A number of missionary groups operate in the country, including groups from the United States, Germany, and Korea, as well as missionaries from Turkey, Pakistan, and Saudi Arabia. They represent a variety of religious organizations including Islam, Jehovah's Witnesses, the Unified Church of Christ of Evangelists, and Korean Presbyterians. These organizations operate freely, although they are required to register with the Government.

The Government recognizes three Muslim holidays (Noorus, Kurban Ait, and Orozo Ait) and one Russian Orthodox holiday (Christmas, which is observed on January 7 in accordance with the Russian Orthodox calendar) as national holidays. The President and the Government send greetings to the followers of these faiths on their major religious holidays, and these messages are printed in the mass media.

To encourage religious tolerance, the Government works through the SCRA to promote interfaith dialog. The SCRA hosts meetings of religious groups to bring the faiths together in open forums. The SCRA assists various faiths to work together on programs for the protection of the poor and the elderly.

Governmental Restrictions on Religious Freedom

Government authorities indicated that they would monitor the activities of the Unification Church, which is led by Reverend Moon. The Unification Church currently is not active in the country, but it has a presence through the charity organization of Reverend Moon's wife. There were no reports of interference in its activities during the period covered by this report. Religious leaders note with concern that the SCRA frequently uses the term "national security" in its statements. For example, the Commission has expressed some concern about the destabilizing presence of the Unification Church. The Ministry of Internal Affairs often plays a leading role on various religious questions.

The Government expressly forbids the teaching of religion (or atheism) in public schools.

Governmental Abuses of Religious Freedom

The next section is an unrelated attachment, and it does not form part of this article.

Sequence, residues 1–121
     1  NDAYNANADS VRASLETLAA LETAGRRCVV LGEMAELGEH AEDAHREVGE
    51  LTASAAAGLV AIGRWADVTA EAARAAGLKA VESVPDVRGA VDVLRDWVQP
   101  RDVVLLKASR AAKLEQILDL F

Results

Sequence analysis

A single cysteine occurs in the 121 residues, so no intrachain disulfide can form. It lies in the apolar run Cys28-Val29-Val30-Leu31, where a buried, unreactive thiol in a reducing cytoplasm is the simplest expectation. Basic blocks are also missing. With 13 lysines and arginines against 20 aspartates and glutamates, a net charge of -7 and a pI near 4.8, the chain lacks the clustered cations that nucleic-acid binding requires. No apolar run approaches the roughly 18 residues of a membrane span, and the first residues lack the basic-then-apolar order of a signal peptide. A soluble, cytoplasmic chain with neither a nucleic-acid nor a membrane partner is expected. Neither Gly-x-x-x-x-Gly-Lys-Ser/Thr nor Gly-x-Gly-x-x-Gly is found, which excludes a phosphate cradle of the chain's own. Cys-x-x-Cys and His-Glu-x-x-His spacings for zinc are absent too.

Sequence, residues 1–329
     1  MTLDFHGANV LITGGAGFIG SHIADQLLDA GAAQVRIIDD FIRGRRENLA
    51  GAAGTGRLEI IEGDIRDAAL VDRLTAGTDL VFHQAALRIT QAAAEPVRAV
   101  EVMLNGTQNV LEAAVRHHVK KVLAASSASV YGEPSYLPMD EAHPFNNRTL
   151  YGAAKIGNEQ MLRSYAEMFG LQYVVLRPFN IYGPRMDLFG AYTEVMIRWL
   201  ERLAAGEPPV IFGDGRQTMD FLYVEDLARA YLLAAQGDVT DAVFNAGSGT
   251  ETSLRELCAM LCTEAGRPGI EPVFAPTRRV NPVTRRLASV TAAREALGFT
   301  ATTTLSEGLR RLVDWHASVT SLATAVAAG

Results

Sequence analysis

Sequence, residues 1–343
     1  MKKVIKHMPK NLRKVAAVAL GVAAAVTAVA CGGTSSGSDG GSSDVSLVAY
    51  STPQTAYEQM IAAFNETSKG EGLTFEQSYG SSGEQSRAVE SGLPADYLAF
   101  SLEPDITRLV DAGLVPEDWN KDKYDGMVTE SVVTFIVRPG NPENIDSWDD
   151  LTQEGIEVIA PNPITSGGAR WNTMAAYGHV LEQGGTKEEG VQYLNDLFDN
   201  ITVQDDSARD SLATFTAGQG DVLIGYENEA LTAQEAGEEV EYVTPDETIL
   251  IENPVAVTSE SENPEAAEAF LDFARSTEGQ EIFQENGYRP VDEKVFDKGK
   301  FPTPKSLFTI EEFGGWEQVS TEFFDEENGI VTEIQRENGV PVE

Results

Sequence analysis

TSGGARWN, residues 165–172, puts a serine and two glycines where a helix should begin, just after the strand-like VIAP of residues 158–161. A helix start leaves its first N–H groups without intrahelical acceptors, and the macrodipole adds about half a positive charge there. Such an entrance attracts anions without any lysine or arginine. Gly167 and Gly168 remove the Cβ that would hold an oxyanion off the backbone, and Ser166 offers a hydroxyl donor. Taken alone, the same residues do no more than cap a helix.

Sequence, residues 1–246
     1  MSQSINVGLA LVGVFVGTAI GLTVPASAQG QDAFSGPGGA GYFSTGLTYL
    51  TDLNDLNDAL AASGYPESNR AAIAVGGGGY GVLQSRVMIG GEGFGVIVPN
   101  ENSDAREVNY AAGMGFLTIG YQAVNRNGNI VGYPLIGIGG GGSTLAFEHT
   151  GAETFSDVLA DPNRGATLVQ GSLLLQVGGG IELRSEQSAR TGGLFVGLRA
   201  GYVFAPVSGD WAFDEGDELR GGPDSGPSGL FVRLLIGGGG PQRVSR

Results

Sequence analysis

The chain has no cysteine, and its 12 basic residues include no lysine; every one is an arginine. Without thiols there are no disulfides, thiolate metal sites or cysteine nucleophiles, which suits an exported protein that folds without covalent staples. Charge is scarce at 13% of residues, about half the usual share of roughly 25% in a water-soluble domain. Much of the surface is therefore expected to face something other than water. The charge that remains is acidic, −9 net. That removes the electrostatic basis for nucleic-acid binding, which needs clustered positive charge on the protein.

Muslim leaders complain that the SCRA makes decisions about religious events without consulting them. However, the Government is concerned about the threat of political extremism in the guise of conservative Islam. The Government considers radical Islam, whose followers it labels "Wahhabis," a threat to the country's stability. The Government fears that Wahhabis seek to overthrow the secular government and establish an Islamic theocracy. During the period covered by this report, the Government continued to express public concern about extremists with either radical religious or political agendas. The sentencing in May 2000 of three Uighur Islamic militants who were charged with the 1998 bombings in Osh added to the Government's concern about the "Wahhabist" elements operating in the country. An armed incursion of Islamic extremists into southern Kyrgyzstan in August-October 1999 also increased the Government's apprehension about radical Islam and the actions of its followers. According to an Amnesty International report of June 21, 2000, Jelil Turdai, an ethnic Uighur Chinese national was arrested in Bishkek for not having the necessary residence permit. After a police search of his apartment turned up religious material that was deemed fundamentalist, he was taken into custody for possessing "Wahhabist" materials, and after being interrogated by Chinese and Kyrgyz security agents he was deported back to china where his fate is unknown.

There were no reports of religious detainees or prisoners.

There was no change in the status of respect for religious freedom during the period covered by this report.

Forced Religious Conversion of Minor U.S. Citizens

There were no reports of the forced religious conversion of minor U.S. citizens who had been abducted or illegally removed from the United States, or of the Government's refusal to allow such citizens to be returned to the United States.

Section II. Societal Attitudes

Relations between the faiths generally are amicable. Members of the two major religions, Islam and the Russian Orthodox Church, respect each other's major holidays and exchange holiday greetings.

There is no evidence of widespread societal discrimination or violence against members of different religious groups. However, there is anecdotal evidence of periodic tension between followers of conservative Islam and foreign missionaries in rural areas. There were no reports of these tensions escalating to serious levels; the parties involved appear to have resolved their problems peacefully over time.

Section III. U.S. Government Policy

The U.S. Embassy discusses religious freedom issues with the Government in the overall context of the promotion of human rights. Six representatives from Kyrgyzstan participated in the U.S. Government sponsored program, "Religious Freedom and Tolerance in the United States: Focus on Islam," in March-April 2000. The representatives learned about how Islam is perceived and practiced in the U.S.